• Words, sentences, short stories, chapter books, etc.
      • General topics
      • Domain specific topics (science, social studies, etc)
    • Spelling
    • Writing
      • Words, sentences, short stories, essays

The problem is that if the child experiences any deficits in the foundational language areas such as listening and speaking, he will most certainly experience difficulties in the more complex areas of language which is reading and writing.

The authors continue by explaining the complexity of various labels given to children with language and learning difficulties under the IDEA 2004, DSM-5, as well as “research literature and nonschool clinical settings”. They conclude that: “the use of different labels by different professionals in different contexts should not obscure the commonalities among children with language disorders, no matter what they are called”.

Then they go on to explain that longitudinal (over a period of time) research has revealed numerous difficulties experienced by children with “early language disorders” during school years and in adulthood “in all domains of academic achievement (spelling, reading comprehension, word identification, word attack, calculation)…”. They also point out that many of these children with language disorders were later classified with a learning disability because their “later learning difficulties [took on] the form of problems acquiring higher levels of spoken language comprehension and expression as well as reading and writing”.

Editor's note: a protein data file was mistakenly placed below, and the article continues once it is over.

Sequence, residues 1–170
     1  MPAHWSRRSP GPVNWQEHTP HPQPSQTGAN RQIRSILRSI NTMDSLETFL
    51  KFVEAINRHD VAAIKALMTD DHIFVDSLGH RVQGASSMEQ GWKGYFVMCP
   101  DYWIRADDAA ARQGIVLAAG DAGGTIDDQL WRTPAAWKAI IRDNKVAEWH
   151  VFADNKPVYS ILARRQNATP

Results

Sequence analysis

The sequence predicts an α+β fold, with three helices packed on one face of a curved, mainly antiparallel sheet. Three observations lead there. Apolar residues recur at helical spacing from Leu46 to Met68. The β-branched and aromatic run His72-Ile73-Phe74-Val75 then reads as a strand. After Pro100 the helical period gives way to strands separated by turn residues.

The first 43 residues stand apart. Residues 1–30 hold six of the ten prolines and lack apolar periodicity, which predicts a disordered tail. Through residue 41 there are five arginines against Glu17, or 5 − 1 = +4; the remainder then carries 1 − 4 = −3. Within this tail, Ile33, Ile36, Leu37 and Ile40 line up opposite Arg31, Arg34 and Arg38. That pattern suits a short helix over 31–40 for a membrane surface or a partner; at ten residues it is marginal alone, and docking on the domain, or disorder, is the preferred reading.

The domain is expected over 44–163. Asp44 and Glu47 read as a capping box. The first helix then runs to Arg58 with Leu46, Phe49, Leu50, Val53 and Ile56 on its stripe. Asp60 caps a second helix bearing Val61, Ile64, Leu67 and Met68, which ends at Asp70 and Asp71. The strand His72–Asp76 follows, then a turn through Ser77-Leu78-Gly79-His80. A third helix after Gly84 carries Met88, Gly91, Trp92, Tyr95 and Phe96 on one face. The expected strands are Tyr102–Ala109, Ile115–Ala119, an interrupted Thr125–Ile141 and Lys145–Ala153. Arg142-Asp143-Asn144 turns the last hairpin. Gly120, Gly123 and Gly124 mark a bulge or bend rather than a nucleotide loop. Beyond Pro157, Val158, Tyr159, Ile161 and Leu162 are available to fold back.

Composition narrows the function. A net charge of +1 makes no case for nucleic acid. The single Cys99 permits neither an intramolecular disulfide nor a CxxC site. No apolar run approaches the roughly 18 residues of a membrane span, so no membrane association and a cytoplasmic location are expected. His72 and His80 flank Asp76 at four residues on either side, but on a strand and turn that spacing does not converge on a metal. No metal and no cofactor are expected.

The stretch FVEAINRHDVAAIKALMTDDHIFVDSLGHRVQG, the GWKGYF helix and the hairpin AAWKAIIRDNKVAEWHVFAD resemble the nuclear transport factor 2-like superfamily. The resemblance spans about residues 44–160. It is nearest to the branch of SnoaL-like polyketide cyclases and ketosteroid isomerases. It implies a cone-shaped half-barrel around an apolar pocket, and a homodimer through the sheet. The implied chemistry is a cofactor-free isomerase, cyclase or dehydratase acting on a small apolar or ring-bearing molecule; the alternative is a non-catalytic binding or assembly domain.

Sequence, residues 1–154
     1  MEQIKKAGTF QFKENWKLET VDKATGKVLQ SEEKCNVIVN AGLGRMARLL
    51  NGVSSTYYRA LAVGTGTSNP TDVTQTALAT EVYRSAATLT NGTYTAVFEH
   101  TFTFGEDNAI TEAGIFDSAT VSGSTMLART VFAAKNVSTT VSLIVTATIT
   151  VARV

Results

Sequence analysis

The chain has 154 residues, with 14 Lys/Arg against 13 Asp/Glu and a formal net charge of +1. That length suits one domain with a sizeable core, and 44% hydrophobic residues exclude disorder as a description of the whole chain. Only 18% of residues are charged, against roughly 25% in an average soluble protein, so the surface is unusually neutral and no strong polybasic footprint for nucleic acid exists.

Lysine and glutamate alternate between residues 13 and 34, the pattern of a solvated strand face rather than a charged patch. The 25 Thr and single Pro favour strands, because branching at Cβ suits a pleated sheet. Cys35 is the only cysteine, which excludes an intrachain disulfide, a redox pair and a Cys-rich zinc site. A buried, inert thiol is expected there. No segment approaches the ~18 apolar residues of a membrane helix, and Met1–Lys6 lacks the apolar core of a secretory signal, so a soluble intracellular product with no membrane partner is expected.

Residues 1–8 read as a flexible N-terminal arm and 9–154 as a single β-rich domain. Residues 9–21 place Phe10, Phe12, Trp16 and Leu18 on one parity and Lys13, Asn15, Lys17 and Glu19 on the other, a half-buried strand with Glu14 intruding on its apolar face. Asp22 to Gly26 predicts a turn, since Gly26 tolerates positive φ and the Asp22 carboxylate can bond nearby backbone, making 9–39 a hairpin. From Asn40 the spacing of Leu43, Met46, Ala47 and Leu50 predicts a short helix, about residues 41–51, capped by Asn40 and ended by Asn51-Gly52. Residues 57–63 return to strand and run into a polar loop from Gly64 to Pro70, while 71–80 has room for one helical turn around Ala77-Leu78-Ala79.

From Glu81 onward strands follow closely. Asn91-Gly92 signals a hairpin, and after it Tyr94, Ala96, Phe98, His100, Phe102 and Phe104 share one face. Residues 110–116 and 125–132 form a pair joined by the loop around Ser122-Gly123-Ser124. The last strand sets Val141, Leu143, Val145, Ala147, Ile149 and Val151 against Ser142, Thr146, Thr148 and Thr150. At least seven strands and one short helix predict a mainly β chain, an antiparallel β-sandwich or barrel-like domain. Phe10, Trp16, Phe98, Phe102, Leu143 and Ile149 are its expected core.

The authors also explain the complex process of literacy acquisition as well as discuss the important concept of “illusory recovery“.  They note that there may be  “a time period when the students with early language disorders seem to catch up with their typically developing peers” by undergoing a “spurt” in language learning, which is followed by a “postspurt plateau” because due to their ongoing deficits and an increase in academic demands “many children with early language disorders fail to “outgrow” these difficulties or catch up with their typically developing peers”.

They pointed out that because many of these children “may not show academic or language-related learning difficulties until linguistic and cognitive demands of the task increase and exceed their limited abilities”, SLPs must consider the “underlying deficits that may be masked by early oral language development” and “evaluate a child’s language abilities in all modalities, including preliteracy, literacy, and metalinguistic skills”.